# Maximal ideal in a quotient ring

Consider the ring $A=\mathbb{C}[x,y]/(y^2-x^4+5x-4)$, and consider the ideal $\mathfrak{m}=(y, x+2)$. Is $\mathfrak{m}$ maximal?

My sketched solution: consider an arbitrary element of $A$ and a representative $p(x,y)\in \mathbb{C}[x,y]$ for this element. Then $p(x,y)$ will be of the form $p(x,y)=y(\ldots)+g(x)$. Now by the Euclidean algorithm, there exist $q,r$ so that $g(x)=q(x)(x+2)+r(x)$ with $deg(r)<1$, i.e. $r(x)=c$ for some $c\in\mathbb{C}$. Summing up, $p(x,y)=y(\ldots)+(x+2)(\ldots)+c$ for some complex number $c$. Therefore there exist a surjective homorphism $\mathbb{C}\rightarrow A/\mathfrak{m}$, so $A/\mathfrak{m}\simeq\text{some quotient of$\mathbb{C}$}$. Clearly it must be $\mathbb{C}$ itself (since it's a field), so $A/\mathfrak{m}\simeq \mathbb{C}$ which implies that $\mathfrak{m}$ is maximal.

Edit: $A=\mathbb{C}[x,y]/(y^2-x^4+5x^2-4)$

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"Clearly, it must be $\mathbb{C}$ itself": How do you prove that $A/\mathfrak{m}$ is not the zero ring? – Stefan Aug 25 '12 at 11:49
@tomasz: $p(x,y)$ is necessarily of this form: $g$ is just the sum of the terms of p(x,y) not containing y. Of the rest, you can factor out $y$. – Stefan Aug 25 '12 at 11:55
@StefanWalter: Oh. I thought the solution assumed the $(\ldots)$ to be $y$-free, my mistake. :) – tomasz Aug 25 '12 at 12:02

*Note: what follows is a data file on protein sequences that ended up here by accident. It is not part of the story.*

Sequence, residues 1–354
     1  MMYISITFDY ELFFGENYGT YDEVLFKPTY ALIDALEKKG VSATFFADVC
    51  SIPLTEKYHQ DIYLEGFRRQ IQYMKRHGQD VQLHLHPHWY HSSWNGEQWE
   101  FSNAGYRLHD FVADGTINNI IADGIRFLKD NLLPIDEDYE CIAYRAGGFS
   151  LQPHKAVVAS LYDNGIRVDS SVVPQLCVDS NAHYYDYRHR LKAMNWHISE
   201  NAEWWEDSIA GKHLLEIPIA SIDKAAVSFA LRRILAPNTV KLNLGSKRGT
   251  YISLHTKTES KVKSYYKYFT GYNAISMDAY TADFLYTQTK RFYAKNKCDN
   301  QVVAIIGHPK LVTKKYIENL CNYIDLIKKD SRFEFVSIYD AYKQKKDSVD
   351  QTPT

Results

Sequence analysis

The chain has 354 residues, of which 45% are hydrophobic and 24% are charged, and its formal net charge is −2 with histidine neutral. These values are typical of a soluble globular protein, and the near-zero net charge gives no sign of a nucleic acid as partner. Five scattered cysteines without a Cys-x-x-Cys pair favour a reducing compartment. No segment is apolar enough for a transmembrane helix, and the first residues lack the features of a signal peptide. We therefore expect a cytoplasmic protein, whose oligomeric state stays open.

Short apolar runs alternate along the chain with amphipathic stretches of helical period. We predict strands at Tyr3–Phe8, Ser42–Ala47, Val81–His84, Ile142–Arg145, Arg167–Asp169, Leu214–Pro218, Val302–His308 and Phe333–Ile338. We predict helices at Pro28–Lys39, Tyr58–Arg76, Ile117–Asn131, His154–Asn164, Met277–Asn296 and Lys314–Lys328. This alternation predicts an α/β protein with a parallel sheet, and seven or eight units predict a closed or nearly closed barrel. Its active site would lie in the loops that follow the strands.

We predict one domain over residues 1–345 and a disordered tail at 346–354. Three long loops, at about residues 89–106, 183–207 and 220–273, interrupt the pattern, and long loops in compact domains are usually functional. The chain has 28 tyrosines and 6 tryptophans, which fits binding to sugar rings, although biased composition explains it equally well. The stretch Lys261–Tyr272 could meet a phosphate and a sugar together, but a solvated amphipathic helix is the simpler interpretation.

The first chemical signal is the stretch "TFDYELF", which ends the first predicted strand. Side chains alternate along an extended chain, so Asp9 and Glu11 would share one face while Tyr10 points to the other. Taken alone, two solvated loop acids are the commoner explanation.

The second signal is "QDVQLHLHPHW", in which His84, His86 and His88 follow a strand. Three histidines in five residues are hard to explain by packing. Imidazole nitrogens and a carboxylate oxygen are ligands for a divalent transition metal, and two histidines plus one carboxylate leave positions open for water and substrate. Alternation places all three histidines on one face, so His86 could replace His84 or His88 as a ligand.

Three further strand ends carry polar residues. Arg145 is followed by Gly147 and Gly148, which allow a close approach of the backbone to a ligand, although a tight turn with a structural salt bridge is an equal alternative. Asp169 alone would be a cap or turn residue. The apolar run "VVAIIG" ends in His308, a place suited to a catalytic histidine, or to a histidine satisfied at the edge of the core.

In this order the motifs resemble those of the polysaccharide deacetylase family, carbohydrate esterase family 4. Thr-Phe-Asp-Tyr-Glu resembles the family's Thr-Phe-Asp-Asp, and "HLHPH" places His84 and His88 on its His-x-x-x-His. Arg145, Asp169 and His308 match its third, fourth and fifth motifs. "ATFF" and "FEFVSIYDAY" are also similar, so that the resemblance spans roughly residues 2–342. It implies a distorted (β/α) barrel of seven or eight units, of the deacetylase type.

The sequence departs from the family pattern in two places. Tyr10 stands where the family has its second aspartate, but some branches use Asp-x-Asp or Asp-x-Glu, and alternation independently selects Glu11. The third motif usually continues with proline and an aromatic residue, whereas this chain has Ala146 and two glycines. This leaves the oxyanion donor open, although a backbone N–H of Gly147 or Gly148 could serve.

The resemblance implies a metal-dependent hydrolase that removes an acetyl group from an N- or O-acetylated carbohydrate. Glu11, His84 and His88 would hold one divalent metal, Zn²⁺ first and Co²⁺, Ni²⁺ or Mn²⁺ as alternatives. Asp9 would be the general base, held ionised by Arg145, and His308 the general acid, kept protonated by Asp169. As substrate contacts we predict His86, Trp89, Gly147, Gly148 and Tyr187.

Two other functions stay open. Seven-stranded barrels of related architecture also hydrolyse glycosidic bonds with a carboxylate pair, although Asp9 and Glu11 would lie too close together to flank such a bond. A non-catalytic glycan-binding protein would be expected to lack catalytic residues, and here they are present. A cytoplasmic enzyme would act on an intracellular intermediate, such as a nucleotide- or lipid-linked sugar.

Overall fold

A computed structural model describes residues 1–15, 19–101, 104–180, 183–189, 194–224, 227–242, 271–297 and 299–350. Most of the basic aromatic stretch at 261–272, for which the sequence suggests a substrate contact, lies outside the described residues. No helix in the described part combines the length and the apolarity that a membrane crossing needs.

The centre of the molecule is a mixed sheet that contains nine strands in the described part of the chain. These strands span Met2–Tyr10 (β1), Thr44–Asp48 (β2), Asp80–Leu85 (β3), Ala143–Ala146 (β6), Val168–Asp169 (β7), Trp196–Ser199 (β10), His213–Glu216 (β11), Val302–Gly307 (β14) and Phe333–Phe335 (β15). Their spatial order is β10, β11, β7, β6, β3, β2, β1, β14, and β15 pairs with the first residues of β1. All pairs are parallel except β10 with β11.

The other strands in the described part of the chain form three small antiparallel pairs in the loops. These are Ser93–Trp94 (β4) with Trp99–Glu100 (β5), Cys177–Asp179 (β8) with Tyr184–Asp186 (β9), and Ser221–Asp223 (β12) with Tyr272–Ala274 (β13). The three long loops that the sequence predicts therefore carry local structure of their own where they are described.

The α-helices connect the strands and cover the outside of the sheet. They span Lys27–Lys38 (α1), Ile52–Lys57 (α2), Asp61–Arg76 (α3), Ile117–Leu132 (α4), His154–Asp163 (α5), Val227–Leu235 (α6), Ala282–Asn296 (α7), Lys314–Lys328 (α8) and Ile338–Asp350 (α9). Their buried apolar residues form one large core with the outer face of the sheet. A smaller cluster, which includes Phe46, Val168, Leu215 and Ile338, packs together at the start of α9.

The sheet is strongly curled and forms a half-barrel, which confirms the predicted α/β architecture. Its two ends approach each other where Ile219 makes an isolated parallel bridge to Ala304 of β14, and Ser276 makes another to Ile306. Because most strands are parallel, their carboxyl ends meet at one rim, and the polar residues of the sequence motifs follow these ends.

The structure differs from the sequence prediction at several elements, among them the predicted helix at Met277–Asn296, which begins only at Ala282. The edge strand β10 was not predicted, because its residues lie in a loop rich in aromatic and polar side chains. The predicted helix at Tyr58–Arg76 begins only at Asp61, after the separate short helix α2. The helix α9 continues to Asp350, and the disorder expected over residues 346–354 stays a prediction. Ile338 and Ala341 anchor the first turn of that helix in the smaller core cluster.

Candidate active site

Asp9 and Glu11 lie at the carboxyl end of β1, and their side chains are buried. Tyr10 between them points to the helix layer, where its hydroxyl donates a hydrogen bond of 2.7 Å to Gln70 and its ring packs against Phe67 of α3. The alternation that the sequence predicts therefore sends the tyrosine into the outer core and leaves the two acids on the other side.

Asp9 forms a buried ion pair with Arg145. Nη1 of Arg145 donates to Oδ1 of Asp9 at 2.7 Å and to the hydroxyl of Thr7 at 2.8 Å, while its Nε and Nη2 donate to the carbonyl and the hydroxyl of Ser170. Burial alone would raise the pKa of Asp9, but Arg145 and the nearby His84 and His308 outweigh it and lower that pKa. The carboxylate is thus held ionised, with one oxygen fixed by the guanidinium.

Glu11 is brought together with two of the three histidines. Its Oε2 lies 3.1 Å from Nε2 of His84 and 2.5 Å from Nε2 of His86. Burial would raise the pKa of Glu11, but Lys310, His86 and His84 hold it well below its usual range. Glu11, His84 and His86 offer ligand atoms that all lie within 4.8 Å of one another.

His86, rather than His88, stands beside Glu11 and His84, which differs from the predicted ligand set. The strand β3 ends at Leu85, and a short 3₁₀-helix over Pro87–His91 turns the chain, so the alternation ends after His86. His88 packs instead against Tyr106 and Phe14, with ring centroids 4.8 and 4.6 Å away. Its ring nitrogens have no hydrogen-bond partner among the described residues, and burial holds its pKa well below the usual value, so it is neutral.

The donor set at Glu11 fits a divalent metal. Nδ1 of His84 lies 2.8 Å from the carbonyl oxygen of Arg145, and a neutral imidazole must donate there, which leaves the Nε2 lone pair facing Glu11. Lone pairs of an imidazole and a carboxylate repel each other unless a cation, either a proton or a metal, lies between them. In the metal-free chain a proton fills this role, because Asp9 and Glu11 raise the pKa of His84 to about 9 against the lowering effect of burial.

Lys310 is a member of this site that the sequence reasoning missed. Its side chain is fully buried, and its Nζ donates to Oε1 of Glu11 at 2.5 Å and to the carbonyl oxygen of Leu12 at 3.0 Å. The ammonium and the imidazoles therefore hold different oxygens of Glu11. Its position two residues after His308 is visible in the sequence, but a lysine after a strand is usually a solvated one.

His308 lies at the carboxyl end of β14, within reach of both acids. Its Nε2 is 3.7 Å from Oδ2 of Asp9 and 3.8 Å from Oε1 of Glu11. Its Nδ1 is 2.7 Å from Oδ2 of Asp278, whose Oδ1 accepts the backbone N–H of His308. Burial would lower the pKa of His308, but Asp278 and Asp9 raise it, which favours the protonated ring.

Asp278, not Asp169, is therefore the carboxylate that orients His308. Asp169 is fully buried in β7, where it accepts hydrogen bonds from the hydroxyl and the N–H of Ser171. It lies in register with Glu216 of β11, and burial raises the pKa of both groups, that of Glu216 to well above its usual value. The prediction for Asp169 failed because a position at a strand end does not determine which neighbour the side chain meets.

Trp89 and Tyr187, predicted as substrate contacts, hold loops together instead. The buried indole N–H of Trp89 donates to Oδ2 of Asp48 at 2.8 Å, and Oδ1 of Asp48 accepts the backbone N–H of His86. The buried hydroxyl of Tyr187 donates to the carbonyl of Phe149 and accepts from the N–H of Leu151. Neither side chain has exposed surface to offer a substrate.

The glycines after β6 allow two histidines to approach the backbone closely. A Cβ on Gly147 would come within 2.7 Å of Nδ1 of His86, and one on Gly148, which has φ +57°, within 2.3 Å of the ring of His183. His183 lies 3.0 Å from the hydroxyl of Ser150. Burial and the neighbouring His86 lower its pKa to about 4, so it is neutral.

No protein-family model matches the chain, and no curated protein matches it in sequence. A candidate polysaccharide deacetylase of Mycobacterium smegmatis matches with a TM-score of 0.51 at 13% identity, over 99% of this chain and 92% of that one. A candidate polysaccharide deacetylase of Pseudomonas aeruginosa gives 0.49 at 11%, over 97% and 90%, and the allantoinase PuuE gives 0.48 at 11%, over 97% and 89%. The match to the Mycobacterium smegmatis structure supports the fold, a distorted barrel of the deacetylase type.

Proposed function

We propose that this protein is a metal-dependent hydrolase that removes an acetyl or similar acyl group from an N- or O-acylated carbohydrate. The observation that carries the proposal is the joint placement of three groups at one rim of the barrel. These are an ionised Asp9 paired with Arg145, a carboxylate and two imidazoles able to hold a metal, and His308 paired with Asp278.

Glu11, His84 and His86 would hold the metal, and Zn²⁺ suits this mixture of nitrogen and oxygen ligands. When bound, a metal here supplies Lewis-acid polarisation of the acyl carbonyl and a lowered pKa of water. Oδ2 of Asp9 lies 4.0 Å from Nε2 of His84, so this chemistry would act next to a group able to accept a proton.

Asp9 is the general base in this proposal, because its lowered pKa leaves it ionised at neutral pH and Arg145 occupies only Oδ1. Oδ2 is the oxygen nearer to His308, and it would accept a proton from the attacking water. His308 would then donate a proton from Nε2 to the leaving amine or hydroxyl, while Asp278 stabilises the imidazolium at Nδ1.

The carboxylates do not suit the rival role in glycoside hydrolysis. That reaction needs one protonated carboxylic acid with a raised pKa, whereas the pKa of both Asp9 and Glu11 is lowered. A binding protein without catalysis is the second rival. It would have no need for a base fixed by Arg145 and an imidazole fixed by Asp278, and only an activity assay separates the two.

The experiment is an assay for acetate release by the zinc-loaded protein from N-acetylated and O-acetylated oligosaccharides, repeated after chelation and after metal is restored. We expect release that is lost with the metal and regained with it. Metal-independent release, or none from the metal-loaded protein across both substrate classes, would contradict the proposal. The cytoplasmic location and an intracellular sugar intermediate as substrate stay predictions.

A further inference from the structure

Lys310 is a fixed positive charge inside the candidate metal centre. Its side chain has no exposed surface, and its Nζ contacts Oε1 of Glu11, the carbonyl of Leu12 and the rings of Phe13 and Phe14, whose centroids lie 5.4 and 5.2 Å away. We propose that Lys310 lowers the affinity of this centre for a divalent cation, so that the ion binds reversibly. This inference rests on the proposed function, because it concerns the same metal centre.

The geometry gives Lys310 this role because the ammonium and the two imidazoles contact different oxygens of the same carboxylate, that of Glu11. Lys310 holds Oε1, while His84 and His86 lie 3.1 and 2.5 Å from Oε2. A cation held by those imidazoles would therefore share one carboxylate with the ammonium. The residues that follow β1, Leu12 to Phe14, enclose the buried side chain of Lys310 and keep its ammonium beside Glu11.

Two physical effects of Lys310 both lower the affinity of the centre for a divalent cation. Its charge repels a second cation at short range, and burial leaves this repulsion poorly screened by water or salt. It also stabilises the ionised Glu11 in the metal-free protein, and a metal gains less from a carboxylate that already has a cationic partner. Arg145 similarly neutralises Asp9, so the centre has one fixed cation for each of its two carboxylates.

As Stefan Walter pointed out, you need to show that the quotient is nonzero. To see that, notice that we have $$(y^2-x^4+5x^2-4,y,x+2)=(x^4-5x^2+4,y,x+2)=(y,x+2)$$ So $A/\mathfrak m\cong {\bf C}[x,y]/(x+2,y)\cong {\bf C}[x]/(x+2)\cong {\bf C}$. Since the quotient is a field, $\mathfrak m$ must be maximal.
Oh tomasz, i'm sorry. There's a typo: it's not $(x^4-5x+4)$ it's $(x^4-5x^2+4)$ in the whole excercise – random Aug 25 '12 at 12:33
@tomasz Alternatively by the Nullstellensatz you can conclude that that $(y,x+2)$ is maximal in $\Bbb{C}[x,y]$ since $\Bbb{C}$ is algebraically closed... – user38268 Aug 25 '12 at 13:41
Yes, since $\rm\ (y,x\!+\!2)\subset M\:$ we have $\rm\:mod\ M\!:\ x\equiv -2,\,y\equiv 0\:\Rightarrow\: p(x,y)\equiv p(-2,0),\,$ $\rm\forall\,p\in \Bbb C[x,y].$ Hence the natural map $\rm\:h:\Bbb C\to A\:$ is surjective. But, you must also show that $\rm\,h\,$ is injective. Suppose $\rm\:\Bbb c\in ker\, h,\:$ $\rm\,c\in \Bbb C.\:$ Then $\rm\:c = (x\!+\!2)\,f + y\, g + (y^2\!-\!x^4\!+\!5x^2\!-\!4)\,h\:$ for $\rm\:f,g,h\in \Bbb C[x,y].\:$ Therefore, evaluating at $\rm\:x=-2,\, y=0\:$ yields $\rm\:c = 0,\:$ so $\rm\:ker\, h = 0,\:$ so $\rm\:h\:$ is injective.